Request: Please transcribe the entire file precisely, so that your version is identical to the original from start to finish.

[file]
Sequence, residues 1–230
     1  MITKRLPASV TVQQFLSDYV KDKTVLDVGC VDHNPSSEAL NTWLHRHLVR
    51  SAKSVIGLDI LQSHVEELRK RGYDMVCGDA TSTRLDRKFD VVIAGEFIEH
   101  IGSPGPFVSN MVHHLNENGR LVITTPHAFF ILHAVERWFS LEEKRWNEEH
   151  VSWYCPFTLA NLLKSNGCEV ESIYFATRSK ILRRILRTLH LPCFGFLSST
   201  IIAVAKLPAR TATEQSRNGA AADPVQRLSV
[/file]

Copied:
Sequence, residues 1–230
     1  MITKRLPASV TVQQFLSDYV KDKTVLDVGC VDHNPSSEAL NTWLHRHLVR
    51  SAKSVIGLDI LQSHVEELRK RGYDMVCGDA TSTRLDRKFD VVIAGEFIEH
   101  IGSPGPFVSN MVHHLNENGR LVITTPHAFF ILHAVERWFS LEEKRWNEEH
   151  VSWYCPFTLA NLLKSNGCEV ESIYFATRSK ILRRILRTLH LPCFGFLSST
   201  IIAVAKLPAR TATEQSRNGA AADPVQRLSV